Please share your memories in the comments below. I have the feeling that this one is gone forever…

Picture stolen from some guy who stole it from his friend on the East Nashville Facebook page

Picture stolen from some guy who stole it from his friend on the East Nashville Facebook page

Wizard Tree

In a time not so long ago, in a land not so far away lived two teenaged adventurers.  One; yours truly, and the other – my partner in crime.  After an afternoon of skateboarding at the old Donelson Hospital, we decided to drive down Old Hickory Boulevard, past the Hermitage and arrive in the then incorporated town of Lakewood, known mostly for it’s speed trap by Nashvillians.

But we had heard another story.  One of mystery and intrigue.  About halfway down Debow Street stood the large, carved tree, locally referred to as the Wizard Tree.  Under the cover of darkness, those brave enough to face it arrived to soak in it’s power.  The legend was that a man accidentally drove head first into the tree, and upon impact, had a vision of God speaking to him.

Now, you know that the holy ghost just loves to appear to people as chips, bananas and as cinnamon buns, but the wizard tree was something else all together.  The man who saw the vision deemed it his responsibility to carve the tree up, to bear witness to the face he saw.

A funnier story is that the man on the tree manifested himself after losing a pie eating contest with the devil and would play telephone with people who came to visit him from hell.

The tree was known around town to have powers, and the man on the tree looked much like a wizard, dubbing it the appropriate “wizard tree.”  Now friends, those were the days before cell phone cameras when we used our minds for memories so I do not have, nor do I know anyone that has a picture of this tree (if you do please add it to the comments!).  But I can tell you one thing: it did exist.

There’s a nice marina bar now over in the neighborhood and I drive by Debow sometimes just to see what’s happening.  The tree is no longer there and the street feels different.  My adult mind also wonders how a man could have possibly crashed into the tree on such a narrow, small road.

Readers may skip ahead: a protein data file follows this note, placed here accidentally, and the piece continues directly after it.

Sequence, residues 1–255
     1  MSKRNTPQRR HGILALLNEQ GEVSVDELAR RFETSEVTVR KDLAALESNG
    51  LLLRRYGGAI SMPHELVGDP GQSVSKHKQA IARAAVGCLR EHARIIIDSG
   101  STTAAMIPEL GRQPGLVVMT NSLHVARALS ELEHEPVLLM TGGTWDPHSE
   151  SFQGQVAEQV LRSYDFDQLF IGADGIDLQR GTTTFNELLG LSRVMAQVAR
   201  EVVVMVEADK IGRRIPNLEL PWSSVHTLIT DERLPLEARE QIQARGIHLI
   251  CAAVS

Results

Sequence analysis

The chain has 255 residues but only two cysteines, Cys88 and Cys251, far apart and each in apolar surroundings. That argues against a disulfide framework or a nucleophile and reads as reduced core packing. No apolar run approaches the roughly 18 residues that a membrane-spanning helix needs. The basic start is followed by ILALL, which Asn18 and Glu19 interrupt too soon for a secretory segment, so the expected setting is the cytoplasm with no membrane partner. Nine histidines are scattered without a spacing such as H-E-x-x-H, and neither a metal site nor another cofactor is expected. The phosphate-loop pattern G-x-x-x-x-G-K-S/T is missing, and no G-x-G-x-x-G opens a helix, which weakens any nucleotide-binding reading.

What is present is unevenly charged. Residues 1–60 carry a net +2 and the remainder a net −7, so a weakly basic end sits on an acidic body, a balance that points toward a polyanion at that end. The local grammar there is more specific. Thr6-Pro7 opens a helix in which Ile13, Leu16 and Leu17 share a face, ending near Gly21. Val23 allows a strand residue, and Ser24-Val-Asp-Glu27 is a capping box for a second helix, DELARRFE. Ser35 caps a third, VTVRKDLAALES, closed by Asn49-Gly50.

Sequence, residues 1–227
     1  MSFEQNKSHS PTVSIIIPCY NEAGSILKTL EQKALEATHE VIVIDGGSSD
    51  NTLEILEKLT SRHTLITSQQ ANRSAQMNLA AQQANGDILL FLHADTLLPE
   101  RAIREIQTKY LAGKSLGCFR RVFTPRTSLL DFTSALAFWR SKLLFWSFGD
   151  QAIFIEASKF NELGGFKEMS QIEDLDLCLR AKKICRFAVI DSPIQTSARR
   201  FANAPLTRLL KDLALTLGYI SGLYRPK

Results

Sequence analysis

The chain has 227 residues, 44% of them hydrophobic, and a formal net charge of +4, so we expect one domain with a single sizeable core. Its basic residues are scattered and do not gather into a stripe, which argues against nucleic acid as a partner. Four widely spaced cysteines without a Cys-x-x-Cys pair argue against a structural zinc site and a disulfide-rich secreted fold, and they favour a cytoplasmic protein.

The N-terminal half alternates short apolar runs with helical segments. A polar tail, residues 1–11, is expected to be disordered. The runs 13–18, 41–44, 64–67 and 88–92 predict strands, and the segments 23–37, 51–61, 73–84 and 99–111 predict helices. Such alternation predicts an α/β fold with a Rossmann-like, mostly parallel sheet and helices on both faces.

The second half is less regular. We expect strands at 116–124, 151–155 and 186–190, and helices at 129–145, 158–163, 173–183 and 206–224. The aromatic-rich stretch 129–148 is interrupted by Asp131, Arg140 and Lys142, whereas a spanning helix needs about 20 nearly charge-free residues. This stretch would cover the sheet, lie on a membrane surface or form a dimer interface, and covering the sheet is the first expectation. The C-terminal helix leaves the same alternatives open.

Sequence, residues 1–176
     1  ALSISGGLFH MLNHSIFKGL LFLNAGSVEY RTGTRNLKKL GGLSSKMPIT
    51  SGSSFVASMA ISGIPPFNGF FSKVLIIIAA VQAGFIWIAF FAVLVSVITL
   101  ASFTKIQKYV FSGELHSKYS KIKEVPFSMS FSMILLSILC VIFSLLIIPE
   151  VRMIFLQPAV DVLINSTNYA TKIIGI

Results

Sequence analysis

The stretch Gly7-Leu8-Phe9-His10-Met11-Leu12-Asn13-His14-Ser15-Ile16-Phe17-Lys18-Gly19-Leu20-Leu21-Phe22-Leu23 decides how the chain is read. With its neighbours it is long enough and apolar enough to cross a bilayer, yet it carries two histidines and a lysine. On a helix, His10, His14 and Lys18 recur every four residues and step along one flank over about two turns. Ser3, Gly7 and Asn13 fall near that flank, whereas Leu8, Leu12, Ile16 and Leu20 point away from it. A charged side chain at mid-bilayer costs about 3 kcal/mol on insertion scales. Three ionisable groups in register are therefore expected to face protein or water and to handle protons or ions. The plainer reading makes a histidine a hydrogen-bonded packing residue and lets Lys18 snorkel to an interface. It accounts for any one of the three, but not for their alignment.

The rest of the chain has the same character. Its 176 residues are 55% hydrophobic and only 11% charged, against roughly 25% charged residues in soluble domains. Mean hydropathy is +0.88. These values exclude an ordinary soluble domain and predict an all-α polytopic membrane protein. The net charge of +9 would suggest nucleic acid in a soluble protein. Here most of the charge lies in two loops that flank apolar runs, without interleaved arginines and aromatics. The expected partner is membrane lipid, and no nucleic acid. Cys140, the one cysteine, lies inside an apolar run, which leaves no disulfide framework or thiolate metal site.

But those thoughts are no fun.  I think I’ll just sit on Old Hickory Lake and remember things the way they were.

Hank Williams Wuz Here

Hank Williams is the South’s very own George Washington who slept, ate, and even died all over the place. The night of his death is still a much disputed bar game where everyone likes to argue what they think really happened.  People will tell you that he ate his last meal in Bristol, VA at a place called Burger Bar but others think that he wouldn’t have wanted to eat after being shot up with morphine by a Doctor in Knoxville (after the chloral hydrate and all the booze he had already had), and that his last words really may have been that he did not want anything. It’s more probable that his chauffeur was eating a burger from Burger Bar as Williams died. And actually, there may (?) not have even been a Burger Bar at that time.

And where did he die? We know for sure that it was somewhere between Knoxville, TN and Oak Hill, WV but the exact location is impossible to know. Was it the morphine, the combo, or just bad luck? His reported cause of death “insufficiency of the right ventricle of the heart” but he could have just been done.

Nevertheless; he died the modern day seafarer’s death which has a beauty all its own – on the road.

What is certain is that his life was in decline as he started down his own lost highway to Canton, OH. It was New Years Eve, 1952 (heading into 1953): An ice storm caused his show in Charleston, WV to cancel so Charles Carr began driving Williams to his next show at the Windsor Theater in Canton. They stopped in Knoxville at the Andrew Johnson hotel to get Dr. Morphine, then at Burger Bar in Bristol (113 miles from Knoxville), and then again at a gas station in Oak Hill, WV (157 miles) where Carr discovered Williams was dead.

And perhaps it was his traveling spirit that keeps him around.  There are more stories than I can count of people who have seen his ghost either as him or a white mist at the Ryman Auditorium in Nashville.  He is also active in the alley behind the Lower Broadway Honky Tonks in Nashville that back up to the Ryman’s backstage exit, thehallways in the Andrew Johnson Hotel in Knoxville, the Tyree Funeral Home where his body was autopsied, and homes and honky tonks all over the South.

Have YOU seen him?

Come for the Heroin, Stay for the Polar Bears

 

Polar Bears (6)

I posted this image on Instagram the other day and got one of two responses. Some were intrigued and wanted to know more about where and what it was, but the people who already know where it was, they wanted to know what the hell I was doing there.

One PM went like this: